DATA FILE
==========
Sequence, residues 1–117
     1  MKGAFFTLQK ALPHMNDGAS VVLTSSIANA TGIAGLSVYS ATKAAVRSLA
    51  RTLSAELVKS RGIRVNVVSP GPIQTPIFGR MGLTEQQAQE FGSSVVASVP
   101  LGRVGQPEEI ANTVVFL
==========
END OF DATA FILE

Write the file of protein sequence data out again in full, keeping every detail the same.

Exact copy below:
Sequence, residues 1–117
     1  MKGAFFTLQK ALPHMNDGAS VVLTSSIANA TGIAGLSVYS ATKAAVRSLA
    51  RTLSAELVKS RGIRVNVVSP GPIQTPIFGR MGLTEQQAQE FGSSVVASVP
   101  LGRVGQPEEI ANTVVFL